Buying a Car
- Buying used – Look over accident history, the number of previous owners, past mechanical problems, and maintenance history. Try to find cars that are Certified Pre-Owned (CPO). Before you buy, you should ensure you have at least 30 days to make sure the car is in good condition.
- Buying new – Do some research online to figure out which car is the best match for you. Check out the manufacturers’ websites and read user reviews. You don’t want to walk into a dealership without knowing anything about your future car.
- Do your research – Do everything you can to figure out what incentives, rebates, and other deals you can get on the car you want. Call local dealers and compare quotes online. Having a sense of the right price will ensure you don't get bamboozled.
- Curb your enthusiasm – Show little to no emotion when you test drive. Make sure all the car’s essential features match what you want, and give yourself an hour and a half for the test drive so the dealer can show you everything. Don’t allow the dealer to pressure you into buying right after the test drive.
- Bargaining – Beware of sleazy car salesmen scams. Before you go to the dealership, see what the average price others are paying in the area for the same car and contact the lowest bidder. Try to opt for incentives and rebates that are just for recent grads.
Unless you live in a public transportation-friendly city, having a whip could be the only thing that saves you from losing your job and spending your Saturday nights stuck at home watching Skinemax. But before you start thinking about balling out with a Bentley or settling for a rusted-out jalopy, you should figure out what fits in your budget. The monthly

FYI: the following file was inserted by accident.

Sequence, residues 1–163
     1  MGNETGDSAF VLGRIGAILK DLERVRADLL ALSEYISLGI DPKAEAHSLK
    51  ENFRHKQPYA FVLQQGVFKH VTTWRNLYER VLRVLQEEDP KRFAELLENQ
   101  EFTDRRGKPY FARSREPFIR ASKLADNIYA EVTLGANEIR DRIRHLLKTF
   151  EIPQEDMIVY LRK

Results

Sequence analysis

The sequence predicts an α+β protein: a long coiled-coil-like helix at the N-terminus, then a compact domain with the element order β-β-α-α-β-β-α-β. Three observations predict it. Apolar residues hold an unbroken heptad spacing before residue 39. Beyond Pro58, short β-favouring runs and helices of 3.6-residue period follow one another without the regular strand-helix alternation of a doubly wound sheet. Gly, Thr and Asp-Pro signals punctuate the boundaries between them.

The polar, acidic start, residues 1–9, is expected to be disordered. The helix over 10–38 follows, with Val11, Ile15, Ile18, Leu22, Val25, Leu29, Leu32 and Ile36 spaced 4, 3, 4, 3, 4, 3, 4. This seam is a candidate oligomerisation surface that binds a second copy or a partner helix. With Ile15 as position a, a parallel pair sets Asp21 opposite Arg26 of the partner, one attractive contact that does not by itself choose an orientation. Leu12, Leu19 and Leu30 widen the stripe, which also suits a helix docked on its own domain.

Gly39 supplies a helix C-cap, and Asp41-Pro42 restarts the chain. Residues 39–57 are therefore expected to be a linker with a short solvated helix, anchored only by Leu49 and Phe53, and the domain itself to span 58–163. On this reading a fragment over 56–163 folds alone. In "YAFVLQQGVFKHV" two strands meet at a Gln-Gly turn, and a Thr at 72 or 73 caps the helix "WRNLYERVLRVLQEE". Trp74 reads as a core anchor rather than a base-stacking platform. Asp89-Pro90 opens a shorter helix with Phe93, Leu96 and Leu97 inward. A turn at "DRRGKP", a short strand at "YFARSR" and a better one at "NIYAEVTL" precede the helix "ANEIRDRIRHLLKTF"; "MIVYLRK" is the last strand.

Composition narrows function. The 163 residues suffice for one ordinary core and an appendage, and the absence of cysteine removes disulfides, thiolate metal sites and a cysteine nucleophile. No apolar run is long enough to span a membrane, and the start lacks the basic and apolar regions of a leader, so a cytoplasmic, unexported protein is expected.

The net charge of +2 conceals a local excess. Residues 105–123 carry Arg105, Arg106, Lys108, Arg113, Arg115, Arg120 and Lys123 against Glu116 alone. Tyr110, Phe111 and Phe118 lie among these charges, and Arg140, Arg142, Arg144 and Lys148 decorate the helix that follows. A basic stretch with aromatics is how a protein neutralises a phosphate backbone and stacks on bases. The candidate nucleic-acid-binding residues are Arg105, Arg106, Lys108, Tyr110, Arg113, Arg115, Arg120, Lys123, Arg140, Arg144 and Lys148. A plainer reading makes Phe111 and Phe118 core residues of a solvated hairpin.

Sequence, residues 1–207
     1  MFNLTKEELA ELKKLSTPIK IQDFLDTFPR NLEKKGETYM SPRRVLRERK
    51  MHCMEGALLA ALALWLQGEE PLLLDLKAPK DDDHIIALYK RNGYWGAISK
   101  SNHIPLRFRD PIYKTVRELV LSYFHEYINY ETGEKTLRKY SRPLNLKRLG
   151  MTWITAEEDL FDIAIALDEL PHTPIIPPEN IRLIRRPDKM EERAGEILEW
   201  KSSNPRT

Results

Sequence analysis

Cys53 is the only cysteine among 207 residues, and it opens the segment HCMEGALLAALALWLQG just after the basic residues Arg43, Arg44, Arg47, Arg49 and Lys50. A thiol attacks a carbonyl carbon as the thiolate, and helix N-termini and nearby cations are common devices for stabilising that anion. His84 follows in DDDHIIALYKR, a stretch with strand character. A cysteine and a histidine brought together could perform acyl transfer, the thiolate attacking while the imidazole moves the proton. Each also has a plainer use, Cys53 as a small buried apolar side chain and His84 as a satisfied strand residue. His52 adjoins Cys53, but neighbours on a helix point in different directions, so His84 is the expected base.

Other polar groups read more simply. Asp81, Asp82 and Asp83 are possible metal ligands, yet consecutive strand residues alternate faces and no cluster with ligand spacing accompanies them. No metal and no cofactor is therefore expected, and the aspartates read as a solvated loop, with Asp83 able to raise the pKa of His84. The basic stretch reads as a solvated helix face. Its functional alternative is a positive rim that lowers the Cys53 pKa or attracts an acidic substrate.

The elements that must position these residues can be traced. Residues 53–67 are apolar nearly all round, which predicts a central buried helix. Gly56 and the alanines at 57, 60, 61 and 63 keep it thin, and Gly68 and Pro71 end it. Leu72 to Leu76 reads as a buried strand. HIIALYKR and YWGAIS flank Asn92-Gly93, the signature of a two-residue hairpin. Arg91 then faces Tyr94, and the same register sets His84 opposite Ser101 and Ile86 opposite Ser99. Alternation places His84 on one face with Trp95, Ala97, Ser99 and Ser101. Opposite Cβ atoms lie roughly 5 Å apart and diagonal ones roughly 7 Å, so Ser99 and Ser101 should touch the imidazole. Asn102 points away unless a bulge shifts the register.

payment should not exceed 12-15% of your after-tax income. Use this calculator to figure out how much car you can afford. Narrow down the field by examining your needs (good gas mileage, 4W drive) versus your wants (DVD player, captain's seats). From there, you can think more practically about whether to opt for a new or used vehicle.
If you go the used route, there are a number of places you can look: used car dealerships, new car dealerships, websites like Carmax and ConsumerGuide, and print and online classifieds. In addition to accident history, you should research the number of previous owners, past mechanical problems, maintenance history, and if it has ever failed inspection. Run a vehicle history report using the Vehicle Identification Number (VIN), which can be found on a previous driver’s insurance card, the registration, the VIN plate on the driver’s side dashboard and the certificate label on the driver’s door jamb. Check out the Kelly Blue Book Used Car Guide for appropriate prices, but note that the estimates are based on a car in good condition that has put on about 12,000 miles per year. Try to look for cars that are Certified Pre-Owned (CPO), which means they were subject to an inspection more rigorous than an elementary school lice exam and are usually covered by a warranty from the manufacturer. CPO cars cost a bit more, but the added warranty and sanity may be worth it.
If you opt for new wheels, you need to do your research before heading to the lot. You don’t want to be sold a car by a slimy salesman you’ve known for two hours; instead, you should purchase a vehicle you’ve already picked out in the comfort of your own home. As a starting point, check out this list of good cars for recent grads. Go to manufacturer’s websites to check out cars and options. Once settling on a few, check out pricing at Autoweb, Car.com, or ConsumerGuide, then read reviews at Car and Driver and Edmunds. Keep in mind that one car may be cheaper to buy but more expensive to own. Use this cost to own calculator to get an idea of how much the car will cost over the next few years when you consider insurance, maintenance, fuel, and depreciation.